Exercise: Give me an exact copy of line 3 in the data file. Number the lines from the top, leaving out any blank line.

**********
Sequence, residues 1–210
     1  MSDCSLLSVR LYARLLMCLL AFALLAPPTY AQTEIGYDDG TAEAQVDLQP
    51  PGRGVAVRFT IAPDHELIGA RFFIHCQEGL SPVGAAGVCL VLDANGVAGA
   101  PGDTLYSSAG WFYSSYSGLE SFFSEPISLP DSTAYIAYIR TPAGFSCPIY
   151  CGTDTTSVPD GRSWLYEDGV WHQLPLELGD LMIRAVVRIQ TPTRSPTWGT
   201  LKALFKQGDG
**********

    51  PGRGVAVRFT IAPDHELIGA RFFIHCQEGL SPVGAAGVCL VLDANGVAGA